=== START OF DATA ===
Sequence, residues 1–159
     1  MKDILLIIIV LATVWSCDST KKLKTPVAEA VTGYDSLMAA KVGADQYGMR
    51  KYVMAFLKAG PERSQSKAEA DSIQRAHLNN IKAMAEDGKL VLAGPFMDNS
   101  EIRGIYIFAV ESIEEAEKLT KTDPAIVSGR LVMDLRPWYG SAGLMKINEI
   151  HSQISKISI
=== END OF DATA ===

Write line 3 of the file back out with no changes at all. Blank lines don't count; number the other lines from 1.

    51  KYVMAFLKAG PERSQSKAEA DSIQRAHLNN IKAMAEDGKL VLAGPFMDNS